Changing Minds: Area 25

Experimental Brain Surgery May Help The Severely Depressed


As a nurse who understood those risks, 41-year old Deanna Cole-Benjamin says she went into surgery scared. "Knowing that if this doesn't work, then what else is there," she says.

Deanna, a wife and mother of three, was so depressed, she had spent four years in mental hospitals, undergoing repeated electric shock treatments.

She estimates she had around 80 such shock treatments.

Two years ago, just before she became one of the first people to have the surgery, Deanna said, "I just feel numb, I feel empty, I feel worthless."

Today, she is one of the experiment's most striking successes.

With 15 patients treated so far, researchers claim 10 have responded positively. And most of them were, like Deanna, depression-free within six months of surgery, with no apparent side effects.

When Debra heard about the experiment, she begged to be part of it. 60 Minutes spoke to her a few days before her operation last March.

"You don't feel, to me, like you're really afraid," Stahl remarks.

"I'm afraid of it not working. I'm very afraid of it not working," Debra says.

60 Minutes joined her in the O.R. the morning of her surgery. A metal frame is placed on her head to keep her immobile.

Debra will be awake and un-sedated during the operation. Once the stimulator is turned on, she can tell Doctors Lozano and Mayberg if she notices any lifting of her mood.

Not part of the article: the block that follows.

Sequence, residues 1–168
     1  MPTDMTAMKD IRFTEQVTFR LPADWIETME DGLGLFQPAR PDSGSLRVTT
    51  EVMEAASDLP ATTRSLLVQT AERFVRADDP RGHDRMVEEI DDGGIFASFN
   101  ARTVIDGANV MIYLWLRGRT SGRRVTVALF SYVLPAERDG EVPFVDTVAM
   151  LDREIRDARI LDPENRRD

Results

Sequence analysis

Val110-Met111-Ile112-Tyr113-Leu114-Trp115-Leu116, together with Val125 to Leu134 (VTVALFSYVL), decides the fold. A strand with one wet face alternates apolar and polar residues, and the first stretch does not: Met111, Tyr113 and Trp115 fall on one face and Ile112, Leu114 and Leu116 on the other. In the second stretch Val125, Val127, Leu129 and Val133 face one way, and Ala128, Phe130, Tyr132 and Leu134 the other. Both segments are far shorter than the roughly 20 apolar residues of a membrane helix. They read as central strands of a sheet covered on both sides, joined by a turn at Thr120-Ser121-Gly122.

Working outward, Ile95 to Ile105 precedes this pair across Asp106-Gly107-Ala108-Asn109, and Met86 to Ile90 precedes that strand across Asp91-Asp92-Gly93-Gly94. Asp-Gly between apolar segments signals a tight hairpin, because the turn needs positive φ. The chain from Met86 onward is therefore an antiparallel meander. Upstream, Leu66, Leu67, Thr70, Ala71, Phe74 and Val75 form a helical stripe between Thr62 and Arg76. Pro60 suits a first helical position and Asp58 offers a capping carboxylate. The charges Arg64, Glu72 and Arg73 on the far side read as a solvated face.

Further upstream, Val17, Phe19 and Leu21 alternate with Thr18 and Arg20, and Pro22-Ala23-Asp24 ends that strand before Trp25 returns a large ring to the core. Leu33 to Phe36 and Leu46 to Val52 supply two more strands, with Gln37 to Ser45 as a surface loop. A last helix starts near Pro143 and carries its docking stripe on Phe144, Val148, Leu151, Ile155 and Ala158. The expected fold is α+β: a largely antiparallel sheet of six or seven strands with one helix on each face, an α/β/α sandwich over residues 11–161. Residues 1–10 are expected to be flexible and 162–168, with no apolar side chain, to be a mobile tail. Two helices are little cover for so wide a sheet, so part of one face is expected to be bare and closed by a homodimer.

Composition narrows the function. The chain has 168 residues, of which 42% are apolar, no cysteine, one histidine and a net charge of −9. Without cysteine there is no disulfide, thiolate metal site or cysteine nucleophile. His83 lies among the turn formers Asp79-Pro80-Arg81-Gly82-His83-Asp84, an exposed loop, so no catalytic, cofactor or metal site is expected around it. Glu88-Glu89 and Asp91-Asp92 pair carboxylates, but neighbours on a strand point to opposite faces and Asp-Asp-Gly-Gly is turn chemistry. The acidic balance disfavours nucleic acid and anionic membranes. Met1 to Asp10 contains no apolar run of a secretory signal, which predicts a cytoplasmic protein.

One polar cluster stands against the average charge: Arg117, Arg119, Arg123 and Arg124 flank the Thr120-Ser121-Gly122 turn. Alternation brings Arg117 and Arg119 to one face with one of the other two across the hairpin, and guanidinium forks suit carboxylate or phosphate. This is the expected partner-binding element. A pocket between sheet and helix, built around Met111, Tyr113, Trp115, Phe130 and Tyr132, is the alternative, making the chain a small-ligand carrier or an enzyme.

As they start drilling holes in Debra's skull, the reality of it all hits her.

"That's okay. That's okay. Just hold my hand," Dr. Mayberg said to Debra.

"I can't believe this is happening," Debra said. "It's just been such a long struggle."

Yet, while lying on the table, Debra acknowledged she was not really optimistic.

Dr. Lozano slides in the first of two electrodes. A loudspeaker in the operating room erupts with pops and pings.

It's the sound of nerve cells "talking" as the wire hits them. Believe it or not, nerve cells in Area 25 have a distinctive chatter that helps doctors know the electrode is in the right place.

As he turns on the electric current, Dr. Lozano hopes Debra will feel the flash that Deanna did, the moment her depression lifted.

"I was distinctly hit with being overwhelmed with color in the operating room," Deanna recalls. Before, she says she had been seeing everything in black and white and gray.

"But I didn't know it until it was given back to me," she says.

With Debra, Dr. Lozano tries several settings on the left side of her brain, searching for the sweet spot.

But Debra felt no change in her mood and began to lose hope. She got a pep talk from Dr. Mayberg.

"Do the best you can. 'Cause you're getting yourself psyched out," she told Debra.

They switch over to stimulating the right side of Debra's brain and suddenly she perked up. Things seemed brighter in the operating room, and more colorful.